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What exactly will we be voting on?

So a referendum on same sex marriage is being put before the people who never asked for it on the basis of a vote by a Constitutional Convention made up of 66 randomly selected citizens, two of whom happened to have been Labour local government candidates, a third a chairman of a Fine Gael party branch.

Even more astonishingly, that same random selection threw up a married couple and a pair of neighbours. Each pair of these representatives of the citizenry of Ireland were marked by an experienced politician who was, almost to a man or woman, strongly in favour of same sex marriage.

To give a sense of the bias at work just consider some of the key politicians who were involved in the process. Among them were Ivana Bacik, Jerry Buttimer, John Lyons, Ciara Conway, Charles Flanagan, Frances Fitzgerald and Anne Ferris. Putting it mildly, it could not be said of anyone of them that they came to the convention with an open mind to hear the experts and lobby groups give their inputs. Yes, the “experts”.

Normally experts give different views of such subjects and there is no shortage of experts and research to make a case against same sex marriage. Hardly surprisingly the Gilmore-appointed chairman, Tom Arnold did not feel the need for balanced debate and was happy once he had representatives of relevant disciplines like psychologist Jim Sheehan, who quoted only studies supporting the argument that children fare as well in same sex marriages as they do in heterosexual ones. He entered no caveats regarding the methodological difficulties of sampling, or the lack of meaningful longitudinal studies behind the evidence offered. If that does not sound like an attack on democracy, consider what happened in the Dáil this week.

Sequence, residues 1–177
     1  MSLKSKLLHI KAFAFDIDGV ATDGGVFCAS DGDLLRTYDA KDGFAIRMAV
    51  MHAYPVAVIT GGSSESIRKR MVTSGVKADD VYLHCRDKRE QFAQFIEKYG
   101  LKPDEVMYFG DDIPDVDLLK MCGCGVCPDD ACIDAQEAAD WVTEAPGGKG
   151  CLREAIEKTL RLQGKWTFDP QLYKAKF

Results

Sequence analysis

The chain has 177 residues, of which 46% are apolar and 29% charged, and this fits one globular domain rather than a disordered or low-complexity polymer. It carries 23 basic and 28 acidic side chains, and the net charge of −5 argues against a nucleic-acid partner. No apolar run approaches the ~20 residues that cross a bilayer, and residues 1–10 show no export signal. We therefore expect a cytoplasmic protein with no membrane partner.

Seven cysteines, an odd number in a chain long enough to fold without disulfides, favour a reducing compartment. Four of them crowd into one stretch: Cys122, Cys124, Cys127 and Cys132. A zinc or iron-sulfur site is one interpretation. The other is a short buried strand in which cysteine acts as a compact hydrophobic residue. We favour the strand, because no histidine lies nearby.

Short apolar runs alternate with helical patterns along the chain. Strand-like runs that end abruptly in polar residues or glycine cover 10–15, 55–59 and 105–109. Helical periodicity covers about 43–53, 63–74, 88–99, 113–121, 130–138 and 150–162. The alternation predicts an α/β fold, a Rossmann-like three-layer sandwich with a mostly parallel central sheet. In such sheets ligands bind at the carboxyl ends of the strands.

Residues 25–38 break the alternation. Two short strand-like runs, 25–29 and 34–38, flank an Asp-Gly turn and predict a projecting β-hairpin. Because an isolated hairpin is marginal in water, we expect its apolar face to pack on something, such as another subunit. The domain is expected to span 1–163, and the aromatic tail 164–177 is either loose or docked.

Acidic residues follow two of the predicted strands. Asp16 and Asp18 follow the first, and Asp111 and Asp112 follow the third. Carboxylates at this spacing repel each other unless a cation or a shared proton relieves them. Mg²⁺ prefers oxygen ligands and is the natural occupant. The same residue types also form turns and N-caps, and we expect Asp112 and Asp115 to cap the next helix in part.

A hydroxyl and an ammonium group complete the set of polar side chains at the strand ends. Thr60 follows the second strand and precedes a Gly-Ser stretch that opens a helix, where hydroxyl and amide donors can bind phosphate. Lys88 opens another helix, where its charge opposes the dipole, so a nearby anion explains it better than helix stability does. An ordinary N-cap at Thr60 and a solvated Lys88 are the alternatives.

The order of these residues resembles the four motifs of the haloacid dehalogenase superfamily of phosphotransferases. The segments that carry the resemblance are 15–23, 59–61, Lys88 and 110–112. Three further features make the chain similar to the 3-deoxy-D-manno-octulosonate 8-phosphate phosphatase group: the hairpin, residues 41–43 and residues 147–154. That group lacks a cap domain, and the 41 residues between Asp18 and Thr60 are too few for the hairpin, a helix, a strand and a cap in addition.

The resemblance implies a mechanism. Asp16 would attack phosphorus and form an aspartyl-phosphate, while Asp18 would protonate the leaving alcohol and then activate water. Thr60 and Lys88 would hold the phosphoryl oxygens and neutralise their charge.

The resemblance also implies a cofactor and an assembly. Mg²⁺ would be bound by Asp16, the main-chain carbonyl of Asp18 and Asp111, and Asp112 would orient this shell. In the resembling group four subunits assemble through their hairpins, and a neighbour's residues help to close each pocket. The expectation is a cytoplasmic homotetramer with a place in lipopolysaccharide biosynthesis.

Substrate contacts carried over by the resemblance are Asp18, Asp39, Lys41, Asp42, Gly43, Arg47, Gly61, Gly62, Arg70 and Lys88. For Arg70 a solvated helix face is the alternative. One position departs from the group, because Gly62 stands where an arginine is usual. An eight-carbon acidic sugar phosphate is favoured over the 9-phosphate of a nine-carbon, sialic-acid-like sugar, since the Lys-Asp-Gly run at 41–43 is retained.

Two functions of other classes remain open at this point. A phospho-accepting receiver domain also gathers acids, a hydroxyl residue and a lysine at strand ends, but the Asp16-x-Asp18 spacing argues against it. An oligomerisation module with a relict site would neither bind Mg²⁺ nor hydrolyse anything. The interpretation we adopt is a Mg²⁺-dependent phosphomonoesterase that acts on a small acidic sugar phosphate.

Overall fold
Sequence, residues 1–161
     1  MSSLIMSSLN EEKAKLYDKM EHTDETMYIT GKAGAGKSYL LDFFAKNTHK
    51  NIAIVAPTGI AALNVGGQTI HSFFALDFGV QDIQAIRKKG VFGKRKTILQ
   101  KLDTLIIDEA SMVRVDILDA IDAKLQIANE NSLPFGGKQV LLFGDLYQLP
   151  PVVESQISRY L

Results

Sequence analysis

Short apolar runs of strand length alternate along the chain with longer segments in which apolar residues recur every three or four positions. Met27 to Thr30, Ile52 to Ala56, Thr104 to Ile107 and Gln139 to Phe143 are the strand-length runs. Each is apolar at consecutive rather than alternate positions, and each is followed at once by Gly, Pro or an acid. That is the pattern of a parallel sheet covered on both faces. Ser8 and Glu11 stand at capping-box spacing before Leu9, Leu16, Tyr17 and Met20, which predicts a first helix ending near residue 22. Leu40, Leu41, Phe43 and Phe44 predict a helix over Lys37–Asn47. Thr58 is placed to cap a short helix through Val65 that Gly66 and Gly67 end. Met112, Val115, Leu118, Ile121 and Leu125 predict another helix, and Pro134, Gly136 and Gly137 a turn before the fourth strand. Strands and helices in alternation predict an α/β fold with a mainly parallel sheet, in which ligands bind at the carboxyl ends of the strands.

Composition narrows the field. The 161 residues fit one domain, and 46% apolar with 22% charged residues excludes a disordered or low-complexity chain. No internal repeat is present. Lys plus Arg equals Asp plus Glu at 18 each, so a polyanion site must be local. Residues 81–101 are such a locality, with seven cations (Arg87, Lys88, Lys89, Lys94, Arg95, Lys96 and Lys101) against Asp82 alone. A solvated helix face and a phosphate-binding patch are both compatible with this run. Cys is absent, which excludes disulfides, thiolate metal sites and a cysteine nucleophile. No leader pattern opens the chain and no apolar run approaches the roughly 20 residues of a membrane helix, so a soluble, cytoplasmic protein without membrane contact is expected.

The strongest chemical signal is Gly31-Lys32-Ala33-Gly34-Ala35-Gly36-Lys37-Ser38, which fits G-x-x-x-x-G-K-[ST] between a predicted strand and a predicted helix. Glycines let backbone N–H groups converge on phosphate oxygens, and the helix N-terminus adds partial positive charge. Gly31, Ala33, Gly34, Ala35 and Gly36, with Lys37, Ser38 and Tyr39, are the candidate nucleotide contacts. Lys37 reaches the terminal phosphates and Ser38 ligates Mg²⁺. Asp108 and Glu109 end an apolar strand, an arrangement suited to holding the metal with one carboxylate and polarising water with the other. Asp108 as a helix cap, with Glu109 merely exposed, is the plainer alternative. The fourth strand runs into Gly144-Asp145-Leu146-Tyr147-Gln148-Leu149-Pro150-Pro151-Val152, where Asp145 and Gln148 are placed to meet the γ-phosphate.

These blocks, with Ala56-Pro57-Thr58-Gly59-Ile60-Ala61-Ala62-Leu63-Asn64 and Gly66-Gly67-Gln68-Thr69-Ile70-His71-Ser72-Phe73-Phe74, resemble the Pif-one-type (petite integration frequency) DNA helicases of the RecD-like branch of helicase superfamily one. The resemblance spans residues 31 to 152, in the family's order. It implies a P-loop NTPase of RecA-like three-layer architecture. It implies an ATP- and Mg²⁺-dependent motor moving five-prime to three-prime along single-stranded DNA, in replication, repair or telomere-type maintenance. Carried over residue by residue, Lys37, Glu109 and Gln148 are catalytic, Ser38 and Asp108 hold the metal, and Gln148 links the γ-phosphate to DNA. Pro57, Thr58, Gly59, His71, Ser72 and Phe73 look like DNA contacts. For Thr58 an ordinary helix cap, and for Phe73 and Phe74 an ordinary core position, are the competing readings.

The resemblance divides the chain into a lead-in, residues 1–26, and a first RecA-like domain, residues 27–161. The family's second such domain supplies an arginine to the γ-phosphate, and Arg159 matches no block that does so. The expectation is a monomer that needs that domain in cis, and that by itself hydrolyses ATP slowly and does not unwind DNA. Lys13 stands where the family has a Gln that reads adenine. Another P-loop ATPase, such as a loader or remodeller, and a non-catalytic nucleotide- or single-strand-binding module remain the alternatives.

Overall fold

Despite needing the approval of the people for same sex marriage, the Government, either presuming on their positive response, or entirely indifferent to what the people may think, are beginning a legislative process to set in place provisions for same sex adoption and parenting. So what exactly is left for us to vote on once that is accomplished?

Most if not all peoples’ objections to same sex marriage centres on the belief that children fare best when raised by their biological parents who alone can provide a child with a loving father and a loving mother and give them the security and identity that unique bond offers.

If the Government succeed in bypassing the Constitution in this manner and that of course remains to be seen, then the only question left to the people is a semantic one. Marriage, like family, will already have changed irrevocably. The electorate will simply be requested to update its official definition.

Margaret Hickey

Blarney

Co Cork


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